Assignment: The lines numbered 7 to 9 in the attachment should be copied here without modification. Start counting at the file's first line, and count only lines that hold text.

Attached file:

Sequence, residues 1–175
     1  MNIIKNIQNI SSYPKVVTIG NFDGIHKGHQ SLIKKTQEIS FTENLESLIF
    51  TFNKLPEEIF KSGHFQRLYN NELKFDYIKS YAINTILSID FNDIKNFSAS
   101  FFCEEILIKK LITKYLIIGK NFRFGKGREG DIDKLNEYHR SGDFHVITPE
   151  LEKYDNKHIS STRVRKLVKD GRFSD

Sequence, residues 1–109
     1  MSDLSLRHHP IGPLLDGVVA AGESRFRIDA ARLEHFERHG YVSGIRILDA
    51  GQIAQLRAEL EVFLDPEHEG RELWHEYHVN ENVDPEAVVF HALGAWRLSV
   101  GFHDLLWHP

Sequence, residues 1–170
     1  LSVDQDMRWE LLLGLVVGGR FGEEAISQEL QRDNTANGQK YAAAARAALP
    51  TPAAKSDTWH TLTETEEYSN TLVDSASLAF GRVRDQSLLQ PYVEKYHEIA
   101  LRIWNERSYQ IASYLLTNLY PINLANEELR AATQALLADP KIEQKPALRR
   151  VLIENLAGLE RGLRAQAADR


     1  MSDLSLRHHP IGPLLDGVVA AGESRFRIDA ARLEHFERHG YVSGIRILDA
    51  GQIAQLRAEL EVFLDPEHEG RELWHEYHVN ENVDPEAVVF HALGAWRLSV
   101  GFHDLLWHP